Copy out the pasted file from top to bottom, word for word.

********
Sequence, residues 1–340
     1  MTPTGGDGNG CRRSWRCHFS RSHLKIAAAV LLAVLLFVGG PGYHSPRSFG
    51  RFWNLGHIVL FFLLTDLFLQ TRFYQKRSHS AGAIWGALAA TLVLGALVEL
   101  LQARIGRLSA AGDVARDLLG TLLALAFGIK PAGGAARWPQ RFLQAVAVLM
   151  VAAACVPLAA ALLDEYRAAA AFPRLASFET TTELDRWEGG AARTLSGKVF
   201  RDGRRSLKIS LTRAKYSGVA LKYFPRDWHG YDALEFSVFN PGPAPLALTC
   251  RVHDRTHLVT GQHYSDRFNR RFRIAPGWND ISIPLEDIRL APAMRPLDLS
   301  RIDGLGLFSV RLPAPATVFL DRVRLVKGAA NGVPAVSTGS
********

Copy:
Sequence, residues 1–340
     1  MTPTGGDGNG CRRSWRCHFS RSHLKIAAAV LLAVLLFVGG PGYHSPRSFG
    51  RFWNLGHIVL FFLLTDLFLQ TRFYQKRSHS AGAIWGALAA TLVLGALVEL
   101  LQARIGRLSA AGDVARDLLG TLLALAFGIK PAGGAARWPQ RFLQAVAVLM
   151  VAAACVPLAA ALLDEYRAAA AFPRLASFET TTELDRWEGG AARTLSGKVF
   201  RDGRRSLKIS LTRAKYSGVA LKYFPRDWHG YDALEFSVFN PGPAPLALTC
   251  RVHDRTHLVT GQHYSDRFNR RFRIAPGWND ISIPLEDIRL APAMRPLDLS
   301  RIDGLGLFSV RLPAPATVFL DRVRLVKGAA NGVPAVSTGS